on foreign soil, citizens formed "homeguards" to defend against a 
perceived threat of invasion. Armed citizens were not deemed by 
government or fellow citizens to pose any danger and, indeed, were 
part of the American defense fabric.

What changed since the last great war? In becoming "civilized" 
and "tolerant" we allowed the "politically correct" to pervert the 
very meaning of those words. We allowed the development and 
entrenchment of a cult of passivity. In our politically correct 
world, "civilized" individuals do not use force in defense of self or 
others. We rely on police officials who tell us not to resist 
criminals, "just give them what they want and leave the rest to the 
professionals." When schoolyard bullies prey on other children, they 
are to accept beatings without resistance and only later report the 
matter. A child who fights back is deemed no better than the 
aggressor and is punished identically. Children, we are told, must 
ignore the advice of their grandfathers: that a bully stops only when 
you stand your ground and give him a good pop. On that day the bully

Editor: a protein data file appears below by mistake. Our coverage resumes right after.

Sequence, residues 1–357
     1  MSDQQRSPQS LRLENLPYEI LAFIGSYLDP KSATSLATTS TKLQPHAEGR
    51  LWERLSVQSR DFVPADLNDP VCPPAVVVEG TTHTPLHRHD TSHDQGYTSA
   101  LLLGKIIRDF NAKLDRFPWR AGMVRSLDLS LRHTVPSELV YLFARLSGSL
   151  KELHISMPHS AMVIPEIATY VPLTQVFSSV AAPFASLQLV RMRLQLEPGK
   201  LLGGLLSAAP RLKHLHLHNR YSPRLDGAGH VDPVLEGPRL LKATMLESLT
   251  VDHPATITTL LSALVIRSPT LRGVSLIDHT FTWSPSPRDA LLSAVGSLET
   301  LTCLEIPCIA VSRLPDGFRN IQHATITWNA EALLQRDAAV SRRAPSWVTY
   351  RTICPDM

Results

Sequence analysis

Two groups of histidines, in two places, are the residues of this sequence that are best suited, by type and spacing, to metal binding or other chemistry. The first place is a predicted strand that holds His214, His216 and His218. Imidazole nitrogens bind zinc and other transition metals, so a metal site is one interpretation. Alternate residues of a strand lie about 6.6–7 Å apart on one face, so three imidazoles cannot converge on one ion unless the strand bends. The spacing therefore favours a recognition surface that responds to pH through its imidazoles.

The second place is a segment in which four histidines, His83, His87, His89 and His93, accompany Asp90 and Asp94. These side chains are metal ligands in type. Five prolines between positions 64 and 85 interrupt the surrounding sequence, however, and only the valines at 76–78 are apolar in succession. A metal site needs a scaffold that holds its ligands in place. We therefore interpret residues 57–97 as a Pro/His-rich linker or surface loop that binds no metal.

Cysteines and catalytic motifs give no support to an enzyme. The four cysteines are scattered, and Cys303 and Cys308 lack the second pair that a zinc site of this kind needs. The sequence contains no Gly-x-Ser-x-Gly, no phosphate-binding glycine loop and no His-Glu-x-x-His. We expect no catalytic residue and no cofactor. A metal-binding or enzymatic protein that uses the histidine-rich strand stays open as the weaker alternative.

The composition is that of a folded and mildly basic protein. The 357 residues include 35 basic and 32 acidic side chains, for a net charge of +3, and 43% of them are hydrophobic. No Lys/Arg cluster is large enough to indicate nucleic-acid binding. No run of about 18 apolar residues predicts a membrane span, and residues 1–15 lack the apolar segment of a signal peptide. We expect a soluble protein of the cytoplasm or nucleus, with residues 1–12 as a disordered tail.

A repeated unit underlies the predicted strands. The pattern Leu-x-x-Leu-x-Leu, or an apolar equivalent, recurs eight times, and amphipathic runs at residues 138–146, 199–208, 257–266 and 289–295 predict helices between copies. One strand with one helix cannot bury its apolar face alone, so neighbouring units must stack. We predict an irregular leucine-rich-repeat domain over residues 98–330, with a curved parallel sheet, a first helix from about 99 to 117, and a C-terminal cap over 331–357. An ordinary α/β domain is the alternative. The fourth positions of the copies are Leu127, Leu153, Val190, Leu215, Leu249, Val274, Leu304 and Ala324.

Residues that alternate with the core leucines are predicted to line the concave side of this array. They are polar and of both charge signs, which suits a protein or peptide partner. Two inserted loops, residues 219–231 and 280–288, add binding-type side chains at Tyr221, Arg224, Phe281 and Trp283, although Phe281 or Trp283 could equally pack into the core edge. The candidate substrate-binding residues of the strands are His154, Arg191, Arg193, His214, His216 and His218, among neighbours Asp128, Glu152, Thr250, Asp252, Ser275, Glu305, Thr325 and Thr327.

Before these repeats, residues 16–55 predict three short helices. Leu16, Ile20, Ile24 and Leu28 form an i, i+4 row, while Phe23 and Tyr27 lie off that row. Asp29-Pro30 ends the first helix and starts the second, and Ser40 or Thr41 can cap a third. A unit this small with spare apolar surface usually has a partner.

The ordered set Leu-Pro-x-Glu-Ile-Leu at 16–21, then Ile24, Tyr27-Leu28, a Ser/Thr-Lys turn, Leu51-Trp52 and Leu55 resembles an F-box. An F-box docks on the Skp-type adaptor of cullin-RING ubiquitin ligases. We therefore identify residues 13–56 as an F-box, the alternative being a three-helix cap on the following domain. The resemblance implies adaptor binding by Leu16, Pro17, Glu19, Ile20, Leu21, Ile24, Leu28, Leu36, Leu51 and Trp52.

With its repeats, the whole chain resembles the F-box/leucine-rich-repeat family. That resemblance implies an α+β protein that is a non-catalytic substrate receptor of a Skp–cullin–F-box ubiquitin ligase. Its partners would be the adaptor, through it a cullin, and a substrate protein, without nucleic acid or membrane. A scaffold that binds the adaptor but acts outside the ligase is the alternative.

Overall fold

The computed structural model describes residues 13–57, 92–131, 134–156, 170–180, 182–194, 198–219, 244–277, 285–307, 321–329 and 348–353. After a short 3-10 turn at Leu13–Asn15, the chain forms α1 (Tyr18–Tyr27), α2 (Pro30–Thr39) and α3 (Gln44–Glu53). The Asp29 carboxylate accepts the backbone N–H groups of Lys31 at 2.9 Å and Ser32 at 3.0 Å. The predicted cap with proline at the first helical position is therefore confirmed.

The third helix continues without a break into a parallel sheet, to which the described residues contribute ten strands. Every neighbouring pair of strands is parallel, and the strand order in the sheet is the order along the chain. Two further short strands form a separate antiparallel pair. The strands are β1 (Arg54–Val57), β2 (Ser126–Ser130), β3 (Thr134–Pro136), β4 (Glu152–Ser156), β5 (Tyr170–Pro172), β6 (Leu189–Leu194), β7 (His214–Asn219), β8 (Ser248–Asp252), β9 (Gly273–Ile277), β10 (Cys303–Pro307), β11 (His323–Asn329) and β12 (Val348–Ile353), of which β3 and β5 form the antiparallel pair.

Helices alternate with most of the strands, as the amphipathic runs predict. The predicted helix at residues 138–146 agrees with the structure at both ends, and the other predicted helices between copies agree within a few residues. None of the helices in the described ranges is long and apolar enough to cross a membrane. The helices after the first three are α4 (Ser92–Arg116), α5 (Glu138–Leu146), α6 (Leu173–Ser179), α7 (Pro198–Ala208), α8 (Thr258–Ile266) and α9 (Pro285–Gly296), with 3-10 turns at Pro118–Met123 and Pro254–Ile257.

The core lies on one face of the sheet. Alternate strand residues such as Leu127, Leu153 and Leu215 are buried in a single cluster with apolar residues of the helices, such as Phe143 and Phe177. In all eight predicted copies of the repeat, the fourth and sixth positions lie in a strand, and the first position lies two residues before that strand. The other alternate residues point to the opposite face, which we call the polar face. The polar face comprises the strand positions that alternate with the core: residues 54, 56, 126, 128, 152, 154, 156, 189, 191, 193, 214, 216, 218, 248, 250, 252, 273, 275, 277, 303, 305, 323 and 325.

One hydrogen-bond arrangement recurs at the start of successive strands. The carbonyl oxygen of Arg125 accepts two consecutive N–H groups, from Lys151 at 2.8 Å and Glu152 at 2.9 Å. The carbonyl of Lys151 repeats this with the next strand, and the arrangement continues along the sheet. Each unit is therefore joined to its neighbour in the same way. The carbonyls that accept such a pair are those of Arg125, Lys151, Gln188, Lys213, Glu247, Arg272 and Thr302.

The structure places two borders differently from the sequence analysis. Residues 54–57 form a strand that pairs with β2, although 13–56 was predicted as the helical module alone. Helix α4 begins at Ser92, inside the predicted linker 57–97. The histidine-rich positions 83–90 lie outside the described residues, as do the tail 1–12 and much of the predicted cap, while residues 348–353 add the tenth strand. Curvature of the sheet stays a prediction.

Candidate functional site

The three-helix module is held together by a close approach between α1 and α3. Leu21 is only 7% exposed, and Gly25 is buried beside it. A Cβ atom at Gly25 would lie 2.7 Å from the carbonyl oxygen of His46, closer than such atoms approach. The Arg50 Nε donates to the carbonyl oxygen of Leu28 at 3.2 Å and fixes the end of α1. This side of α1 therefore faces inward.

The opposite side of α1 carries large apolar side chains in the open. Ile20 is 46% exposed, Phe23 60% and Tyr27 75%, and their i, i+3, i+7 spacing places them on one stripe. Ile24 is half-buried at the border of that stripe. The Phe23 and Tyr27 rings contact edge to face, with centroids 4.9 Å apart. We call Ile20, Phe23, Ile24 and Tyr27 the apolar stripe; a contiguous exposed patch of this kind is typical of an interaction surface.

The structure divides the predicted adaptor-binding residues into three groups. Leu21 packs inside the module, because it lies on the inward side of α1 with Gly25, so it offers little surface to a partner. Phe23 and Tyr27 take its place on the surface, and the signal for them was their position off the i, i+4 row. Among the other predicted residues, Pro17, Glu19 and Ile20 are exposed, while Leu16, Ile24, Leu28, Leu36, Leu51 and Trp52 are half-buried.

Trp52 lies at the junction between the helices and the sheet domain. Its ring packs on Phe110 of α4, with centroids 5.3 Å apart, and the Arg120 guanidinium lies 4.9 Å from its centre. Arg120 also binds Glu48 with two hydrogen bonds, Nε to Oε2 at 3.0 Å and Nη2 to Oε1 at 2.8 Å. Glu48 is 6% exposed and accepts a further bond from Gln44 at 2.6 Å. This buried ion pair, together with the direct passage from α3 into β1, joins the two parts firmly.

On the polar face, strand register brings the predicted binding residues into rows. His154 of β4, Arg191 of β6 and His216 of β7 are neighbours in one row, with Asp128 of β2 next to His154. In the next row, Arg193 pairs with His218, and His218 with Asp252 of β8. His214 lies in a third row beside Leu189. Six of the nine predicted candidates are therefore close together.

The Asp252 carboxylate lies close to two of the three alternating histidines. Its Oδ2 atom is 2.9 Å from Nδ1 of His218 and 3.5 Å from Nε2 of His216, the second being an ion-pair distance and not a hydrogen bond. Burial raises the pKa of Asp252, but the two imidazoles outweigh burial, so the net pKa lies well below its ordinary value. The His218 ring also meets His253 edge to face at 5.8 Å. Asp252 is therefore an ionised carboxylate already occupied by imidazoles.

learns that injuries can be suffered as well as inflicted.

During the years preceding September 11, 2001, this Nation suffered 
repeated acts of terrorism on our military overseas, our embassies, a 
naval warship and even an earlier bombing of the World Trade Center. 
We limited our responses to a few isolated, impotent missile strikes, 
misdirected both figuratively and literally. On September 11, 2001, 
we were reminded of the consequences such of passivity. A lesson we 
should have learned after World War II: that the consequences of 
passivity to acts of war (then called appeasement) are further acts 
of war. 

On one horrible day a coordinated and unprecedented act of war was 
committed against this Nation. The World Trade Center and a large